class PanPizza:AbstractPizza{
    var depth = 0.0
    override func area() -> Double! {
        if let currentSize = size{
        let radius = currentSize / 2.0
            return radius * radius * pizzaPi
        }else{
            return nil
        }
    }
    func volume() -> Double!{
        if let area = area() {
            return area * depth
        }else{
            return nil
        }
    }
}
// Demonstring overriding properties, or not...
class RectPizza:AbstractPizza{
    struct PizzaDimension{ //a struct for the height and width of a rectangle
        var height:Double = 0.0
        var width:Double = 0.0
    }
    //this does not work -- we cant overrride type of a property
    //var size:PizzaDimension = PizzaDimension()
    //added property sizeRect
    var sizeRect = PizzaDimension()
    override func area() -> Double! {
        return sizeRect.height * sizeRect.width
    }
    override func pizzaDidLoad() {
        sizeRect.height = 10.0
        sizeRect.width = 12.0
        crust = "Wheat"
        topping = ["Pizza Sauce","Cheese","Mushroom"]
    }
}
//Subclassing a subclass that used an abstract class
class FlatBreadPizza:RectPizza{
    override func area() -> Double!{
        let rect = (sizeRect.height - sizeRect.width) * sizeRect.width //area with round parts removed to make a rectangle
        let radius = sizeRect.width / 2.0
        let circle = radius * radius * pizzaPi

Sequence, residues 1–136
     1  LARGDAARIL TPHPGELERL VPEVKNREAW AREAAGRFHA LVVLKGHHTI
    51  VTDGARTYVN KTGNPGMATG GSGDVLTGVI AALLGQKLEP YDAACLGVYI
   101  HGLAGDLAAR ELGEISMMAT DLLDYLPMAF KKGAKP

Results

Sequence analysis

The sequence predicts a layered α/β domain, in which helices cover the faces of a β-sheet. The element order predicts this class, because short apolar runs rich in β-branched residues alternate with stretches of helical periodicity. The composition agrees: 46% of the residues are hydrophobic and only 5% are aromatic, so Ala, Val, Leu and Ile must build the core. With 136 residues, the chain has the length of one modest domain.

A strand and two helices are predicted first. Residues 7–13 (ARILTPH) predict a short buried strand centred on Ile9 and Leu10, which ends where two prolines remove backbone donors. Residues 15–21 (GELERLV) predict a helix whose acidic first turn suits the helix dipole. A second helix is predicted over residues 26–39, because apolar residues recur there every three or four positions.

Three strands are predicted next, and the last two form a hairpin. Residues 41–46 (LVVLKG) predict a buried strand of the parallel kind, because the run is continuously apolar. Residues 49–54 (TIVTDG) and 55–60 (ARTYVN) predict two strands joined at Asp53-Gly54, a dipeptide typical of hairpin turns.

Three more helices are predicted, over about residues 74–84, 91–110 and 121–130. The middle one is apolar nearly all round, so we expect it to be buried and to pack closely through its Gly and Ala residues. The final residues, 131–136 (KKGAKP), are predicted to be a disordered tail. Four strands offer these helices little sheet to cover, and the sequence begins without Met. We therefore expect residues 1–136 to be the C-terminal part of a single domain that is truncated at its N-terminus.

return rect + circle
    }
}
//Demonstrating class methods and AnyObject!
//Also Demonstrates protocol adoption
class BowlPizza:AbstractPizza,FoodPriceProtocol{ //protocol adoption
    override class func personalPizza() -> AnyObject! {
        let pizza = super.personalPizza() as! AbstractPizza
        let bowlPizza = BowlPizza()
        bowlPizza.size = pizza.size
        bowlPizza.topping = pizza.topping
        bowlPizza.crust = pizza.crust
        return bowlPizza
    }

    func volume() -> Double!{
        if let bowlSize = size {
            let radius = bowlSize / 2.0
            return radius * radius * radius * pizzaPi * (2.0/3.0) //volume of half a sphere
        } else {
            return nil
        }
    }
    //Protocols (delegates and Data sources)
    func price(pricePerUnit: Double) -> Double {
        if pricePerUnit == 1.0 {
            return 23.50
        } else if pricePerUnit == 0.5 {
            return 11.75
        } else {
            return 0
        }
    }
}
//An example of a data source
protocol ChocolateChipCookieDataSource{
    func numberOfChipsPerCookie() -> Int
    func bagOfCookiesCount() -> Double
}

//examples of delegates and data sources with a different class
// no superclass here, so the protocols goes directly after the class declaration
// If there is a superclass, like aboove, the superclass goes first in the list.

class ChocolateChipCookie:FoodPriceProtocol,ChocolateChipCookieDataSource{
    var chipCount = 0
    func price(pricePerUnit: Double) -> Double {
        //return price pricePerUnit * Double(chipCount)
        return pricePerUnit * Double(numberOfChipsPerCookie())
    }